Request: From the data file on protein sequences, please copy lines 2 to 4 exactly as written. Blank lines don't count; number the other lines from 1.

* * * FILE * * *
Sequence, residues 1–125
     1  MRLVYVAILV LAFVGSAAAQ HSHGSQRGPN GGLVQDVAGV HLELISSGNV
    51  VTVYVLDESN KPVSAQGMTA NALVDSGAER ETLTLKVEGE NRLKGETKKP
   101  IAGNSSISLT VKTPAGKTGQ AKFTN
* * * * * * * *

     1  MRLVYVAILV LAFVGSAAAQ HSHGSQRGPN GGLVQDVAGV HLELISSGNV
    51  VTVYVLDESN KPVSAQGMTA NALVDSGAER ETLTLKVEGE NRLKGETKKP
   101  IAGNSSISLT VKTPAGKTGQ AKFTN